1165 København K
Tlf: 21 17 95 65 (man-fre kl. 9-15)
Ph.d.-forsvar — Anne Mette Møller defends her PhD thesis "Organizing knowledge and decision-making in street-level professional practice. A practice-based study of Danish child protective services".
Date & Time:
University of Copenhagen, Centre for Health and Society, Øster Farimagsgade 5, 1353 Copenhagen K., room 4.2.26.
Department of Political Science
Anne Mette Møller
“Organizing knowledge and decision-making in street-level professional practice. A practice-based study of Danish child protective services“. The thesis can be purchased as an e-book via Academic books.
Time and venue
Friday 29 June 2018 at 14.00 at the University of Copenhagen, Centre for Health and Society, Øster Farimagsgade 5, 1353 Copenhagen K., room 4.2.26. Kindly note that the defense will start precisely at 14.00.
Against the backdrop of the debates over evidence-based practice in social services, the thesis explores how is knowledge mobilized to inform decision-making and professional judgment in street-level organizations. Based on ethnographic fieldwork in three Danish municipal child protective agencies and qualitative interviews with political elite actors, and drawing on a wide range of theoretical perspectives, the thesis shows how, in the field of Danish child protective services, the evidence agenda has undergone a transformation, from a focus on the implementation of evidence-based programs to a broader focus on “knowledge-based practice”. The development represents a critique of “private-practicing professionalism”, which is conceptualized as an increasing demand for explicit professionalism, requiring professionals to explicate and document their actions as being, indeed, professional.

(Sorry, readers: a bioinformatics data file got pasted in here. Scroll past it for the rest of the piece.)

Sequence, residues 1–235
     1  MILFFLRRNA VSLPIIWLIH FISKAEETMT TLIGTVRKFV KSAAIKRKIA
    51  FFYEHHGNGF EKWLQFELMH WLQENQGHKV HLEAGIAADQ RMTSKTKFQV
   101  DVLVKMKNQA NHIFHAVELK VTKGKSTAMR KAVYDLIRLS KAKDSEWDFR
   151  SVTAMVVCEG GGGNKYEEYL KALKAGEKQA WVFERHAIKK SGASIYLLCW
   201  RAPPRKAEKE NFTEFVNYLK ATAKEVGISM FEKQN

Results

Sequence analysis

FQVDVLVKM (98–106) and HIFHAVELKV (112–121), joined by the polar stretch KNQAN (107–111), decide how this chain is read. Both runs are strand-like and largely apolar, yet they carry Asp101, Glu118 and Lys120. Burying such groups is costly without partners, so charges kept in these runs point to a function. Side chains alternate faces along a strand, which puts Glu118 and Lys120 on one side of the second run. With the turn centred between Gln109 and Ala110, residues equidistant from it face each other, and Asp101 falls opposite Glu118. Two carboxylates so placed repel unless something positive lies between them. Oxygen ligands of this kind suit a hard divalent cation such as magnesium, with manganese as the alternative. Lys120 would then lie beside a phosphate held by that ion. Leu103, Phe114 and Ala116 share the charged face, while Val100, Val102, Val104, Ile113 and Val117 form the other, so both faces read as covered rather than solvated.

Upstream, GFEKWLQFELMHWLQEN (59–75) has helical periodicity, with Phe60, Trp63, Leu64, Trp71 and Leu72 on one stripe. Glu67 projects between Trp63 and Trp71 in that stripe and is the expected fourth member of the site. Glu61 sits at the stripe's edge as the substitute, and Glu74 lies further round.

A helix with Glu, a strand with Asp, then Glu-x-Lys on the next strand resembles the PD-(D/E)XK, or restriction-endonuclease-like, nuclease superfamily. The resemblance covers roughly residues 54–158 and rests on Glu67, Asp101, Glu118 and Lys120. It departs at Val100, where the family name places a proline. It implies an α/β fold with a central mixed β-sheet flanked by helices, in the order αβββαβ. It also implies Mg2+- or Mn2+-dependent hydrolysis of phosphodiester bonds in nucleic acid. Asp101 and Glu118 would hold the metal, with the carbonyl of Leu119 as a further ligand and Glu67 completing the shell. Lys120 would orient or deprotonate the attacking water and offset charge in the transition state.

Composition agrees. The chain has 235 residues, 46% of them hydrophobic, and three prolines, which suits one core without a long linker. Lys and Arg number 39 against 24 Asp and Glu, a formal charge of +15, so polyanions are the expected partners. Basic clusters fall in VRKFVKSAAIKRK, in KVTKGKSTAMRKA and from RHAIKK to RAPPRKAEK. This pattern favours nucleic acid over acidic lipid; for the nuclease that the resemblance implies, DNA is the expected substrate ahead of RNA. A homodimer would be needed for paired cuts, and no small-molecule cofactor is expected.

The thesis then shows how the mobilization of knowledge is integrated into everyday practice and how both propositional (know-that), procedural (know-how) and personal knowledge (knowledge by acquaintance) plays a central role in decision-making processes. The thesis introduces the concept deliberative organizational routines to describe how routines create both formal and informal venues for the collective exercise of professional judgement and, additionally, serve several idealized purposes, which can be related back to the ideal of explicit professionalism.
The thesis contributes with a nuanced theoretical conceptualization and detailed empirical mapping of knowledge mobilization as a professional and organizational practice, which must be understood in light of changing perceptions of legitimacy in the wider organizational field.